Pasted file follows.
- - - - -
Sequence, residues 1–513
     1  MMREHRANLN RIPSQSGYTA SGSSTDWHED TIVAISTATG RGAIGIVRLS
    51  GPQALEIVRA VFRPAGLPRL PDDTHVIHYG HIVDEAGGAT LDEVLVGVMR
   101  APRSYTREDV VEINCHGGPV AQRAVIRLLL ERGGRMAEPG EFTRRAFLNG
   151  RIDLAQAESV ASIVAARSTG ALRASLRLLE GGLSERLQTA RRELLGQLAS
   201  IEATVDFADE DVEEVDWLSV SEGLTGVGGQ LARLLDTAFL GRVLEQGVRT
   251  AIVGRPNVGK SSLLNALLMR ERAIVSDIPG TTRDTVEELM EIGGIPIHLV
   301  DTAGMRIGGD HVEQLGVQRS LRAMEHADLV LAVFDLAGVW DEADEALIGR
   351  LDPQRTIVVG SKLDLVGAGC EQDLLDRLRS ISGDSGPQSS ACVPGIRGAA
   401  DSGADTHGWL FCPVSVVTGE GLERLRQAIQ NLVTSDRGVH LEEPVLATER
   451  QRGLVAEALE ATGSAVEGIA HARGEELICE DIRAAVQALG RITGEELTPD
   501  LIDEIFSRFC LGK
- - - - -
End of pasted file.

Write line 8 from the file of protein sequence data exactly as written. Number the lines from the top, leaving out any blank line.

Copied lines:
   301  DTAGMRIGGD HVEQLGVQRS LRAMEHADLV LAVFDLAGVW DEADEALIGR